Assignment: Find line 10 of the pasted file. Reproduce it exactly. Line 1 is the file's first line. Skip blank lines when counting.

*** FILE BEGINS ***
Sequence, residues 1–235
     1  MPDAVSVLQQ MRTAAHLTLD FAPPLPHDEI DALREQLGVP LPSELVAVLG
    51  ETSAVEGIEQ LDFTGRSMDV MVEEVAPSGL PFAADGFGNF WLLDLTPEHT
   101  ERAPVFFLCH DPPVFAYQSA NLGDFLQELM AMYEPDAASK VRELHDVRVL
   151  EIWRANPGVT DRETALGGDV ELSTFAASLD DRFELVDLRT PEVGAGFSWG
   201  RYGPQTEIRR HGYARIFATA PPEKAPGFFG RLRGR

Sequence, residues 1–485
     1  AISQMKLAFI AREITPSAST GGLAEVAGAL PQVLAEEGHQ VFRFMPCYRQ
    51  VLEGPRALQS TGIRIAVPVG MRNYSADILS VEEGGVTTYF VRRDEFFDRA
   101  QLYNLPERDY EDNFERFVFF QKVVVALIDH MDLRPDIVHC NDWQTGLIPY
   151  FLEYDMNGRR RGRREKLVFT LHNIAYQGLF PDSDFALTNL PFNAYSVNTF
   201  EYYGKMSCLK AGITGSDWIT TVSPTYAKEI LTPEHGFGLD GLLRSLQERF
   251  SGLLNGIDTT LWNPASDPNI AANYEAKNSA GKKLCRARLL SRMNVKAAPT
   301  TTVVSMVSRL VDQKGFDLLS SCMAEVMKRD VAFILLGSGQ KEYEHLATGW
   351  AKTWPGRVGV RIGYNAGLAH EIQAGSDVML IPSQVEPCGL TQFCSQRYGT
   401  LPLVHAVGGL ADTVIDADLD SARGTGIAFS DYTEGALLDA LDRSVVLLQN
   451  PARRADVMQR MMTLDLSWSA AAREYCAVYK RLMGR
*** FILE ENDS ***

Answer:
   101  QLYNLPERDY EDNFERFVFF QKVVVALIDH MDLRPDIVHC NDWQTGLIPY